The B.C. legislature went from 85 seats to 87 before the 2017 election, causing a reorganization with curved rows and new desks squeezed in at the back. The next electoral boundary review could see another six seats added. (Black Press files)

The B.C. legislature went from 85 seats to 87 before the 2017 election, causing a reorganization with curved rows and new desks squeezed in at the back. The next electoral boundary review could see another six seats added. (Black Press files)

B.C. election law could add 6 seats, remove rural protection

North, Kootenays could lose seats as cities gain more

B.C.’s rural-urban political divide could be getting wider in the years to come, as the NDP government plans to remove protection for existing rural seats in the B.C. legislature and add more to areas with growing population.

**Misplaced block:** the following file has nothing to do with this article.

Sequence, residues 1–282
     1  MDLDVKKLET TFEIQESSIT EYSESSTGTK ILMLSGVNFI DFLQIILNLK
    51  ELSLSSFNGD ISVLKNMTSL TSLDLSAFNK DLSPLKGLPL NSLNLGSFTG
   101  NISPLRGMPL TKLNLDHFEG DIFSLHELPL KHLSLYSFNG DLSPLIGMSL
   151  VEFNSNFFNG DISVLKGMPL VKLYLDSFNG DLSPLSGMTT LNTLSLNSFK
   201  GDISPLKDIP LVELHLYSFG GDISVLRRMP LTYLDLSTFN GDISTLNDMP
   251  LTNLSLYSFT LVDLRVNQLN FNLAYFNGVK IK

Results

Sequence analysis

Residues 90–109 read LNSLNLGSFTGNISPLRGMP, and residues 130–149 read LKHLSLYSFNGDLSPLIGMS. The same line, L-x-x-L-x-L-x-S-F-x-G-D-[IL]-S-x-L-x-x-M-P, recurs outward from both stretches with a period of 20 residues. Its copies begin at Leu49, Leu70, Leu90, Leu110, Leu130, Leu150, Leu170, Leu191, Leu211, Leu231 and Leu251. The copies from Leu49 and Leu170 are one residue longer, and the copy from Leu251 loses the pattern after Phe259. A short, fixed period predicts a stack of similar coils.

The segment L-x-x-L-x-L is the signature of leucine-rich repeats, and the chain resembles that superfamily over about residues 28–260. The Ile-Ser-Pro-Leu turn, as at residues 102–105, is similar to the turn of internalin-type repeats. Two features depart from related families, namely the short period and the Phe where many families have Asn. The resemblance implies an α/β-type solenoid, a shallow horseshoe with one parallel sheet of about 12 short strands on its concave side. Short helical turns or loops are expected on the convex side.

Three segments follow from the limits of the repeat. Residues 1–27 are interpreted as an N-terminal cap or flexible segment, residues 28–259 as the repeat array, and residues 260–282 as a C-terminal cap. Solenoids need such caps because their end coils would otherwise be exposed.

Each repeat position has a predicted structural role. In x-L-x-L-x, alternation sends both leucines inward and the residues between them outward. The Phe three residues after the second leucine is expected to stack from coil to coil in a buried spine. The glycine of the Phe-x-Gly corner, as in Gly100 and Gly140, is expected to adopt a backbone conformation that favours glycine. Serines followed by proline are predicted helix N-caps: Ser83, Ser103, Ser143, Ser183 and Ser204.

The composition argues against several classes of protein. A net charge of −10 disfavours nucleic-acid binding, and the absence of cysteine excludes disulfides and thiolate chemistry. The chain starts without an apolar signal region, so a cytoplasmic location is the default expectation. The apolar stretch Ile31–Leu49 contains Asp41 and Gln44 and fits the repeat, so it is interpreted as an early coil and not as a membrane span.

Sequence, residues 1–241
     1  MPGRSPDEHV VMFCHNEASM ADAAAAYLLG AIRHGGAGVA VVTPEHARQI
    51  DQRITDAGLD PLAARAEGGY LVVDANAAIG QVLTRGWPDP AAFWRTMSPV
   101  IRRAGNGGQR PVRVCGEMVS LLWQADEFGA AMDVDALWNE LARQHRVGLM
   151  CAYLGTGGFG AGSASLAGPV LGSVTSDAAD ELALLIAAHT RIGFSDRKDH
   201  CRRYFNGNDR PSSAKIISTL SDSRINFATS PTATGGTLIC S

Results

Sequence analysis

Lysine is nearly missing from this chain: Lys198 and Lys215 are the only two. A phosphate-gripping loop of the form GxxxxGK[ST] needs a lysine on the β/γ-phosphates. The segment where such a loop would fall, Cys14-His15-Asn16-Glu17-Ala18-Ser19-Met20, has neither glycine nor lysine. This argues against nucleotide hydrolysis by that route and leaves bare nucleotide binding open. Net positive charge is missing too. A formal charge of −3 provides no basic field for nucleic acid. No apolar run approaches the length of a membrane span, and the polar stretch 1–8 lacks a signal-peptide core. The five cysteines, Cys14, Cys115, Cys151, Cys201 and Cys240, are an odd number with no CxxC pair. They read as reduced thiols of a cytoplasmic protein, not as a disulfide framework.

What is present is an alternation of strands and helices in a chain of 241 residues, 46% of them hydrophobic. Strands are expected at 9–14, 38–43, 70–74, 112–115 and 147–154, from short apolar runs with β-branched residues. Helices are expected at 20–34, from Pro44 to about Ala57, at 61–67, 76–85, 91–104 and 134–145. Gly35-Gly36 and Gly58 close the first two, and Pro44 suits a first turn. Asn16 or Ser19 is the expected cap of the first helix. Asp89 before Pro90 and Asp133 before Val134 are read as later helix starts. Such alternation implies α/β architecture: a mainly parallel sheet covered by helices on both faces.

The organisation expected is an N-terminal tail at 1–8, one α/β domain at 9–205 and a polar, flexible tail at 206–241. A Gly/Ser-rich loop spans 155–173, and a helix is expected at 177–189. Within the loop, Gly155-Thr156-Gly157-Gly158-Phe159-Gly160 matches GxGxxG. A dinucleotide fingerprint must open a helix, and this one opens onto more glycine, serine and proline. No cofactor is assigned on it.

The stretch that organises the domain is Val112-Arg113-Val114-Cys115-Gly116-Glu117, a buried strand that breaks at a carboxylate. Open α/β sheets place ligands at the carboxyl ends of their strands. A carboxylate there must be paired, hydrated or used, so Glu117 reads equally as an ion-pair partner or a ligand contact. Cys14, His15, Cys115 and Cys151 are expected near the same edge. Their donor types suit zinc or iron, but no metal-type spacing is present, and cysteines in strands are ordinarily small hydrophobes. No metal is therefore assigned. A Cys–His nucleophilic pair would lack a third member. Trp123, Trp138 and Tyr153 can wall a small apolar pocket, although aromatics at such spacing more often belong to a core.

Attorney General David Eby introduced changes to the next electoral boundary commission Monday, giving it the ability to add as many as six new seats to a legislature that is already crowded with 87 MLAs. It would also remove a restriction in place since 2014 that prevents reducing the number of northern and rural seats to balance population with urban zones.

MLAs of all parties agreed then that B.C.’s most far-flung constituencies can’t get any bigger and still be represented by a single elected member. At the time, Stikine and North Coast were the most thinly populated, with fewer than 23,000 residents scattered over huge areas, while some Vancouver constituencies had more than 60,000 people.

Eby said B.C.’s population is expected to grow by another 500,000 people, and the changes give the next electoral boundaries commission the ability to use its discretion, with a guideline that representation should only vary by plus or minus 25 per cent from the average size of constituencies.

Nechako Lakes MLA John Rustad said the changes will likely mean the loss of one or two seats in Northern B.C. and one in the Kootenay region, as urban populations continue to see the most growth.

RELATED: B.C. Liberals move to freeze number of rural seats

RELATED: Surrey gets ninth MLA, New Westminster gains one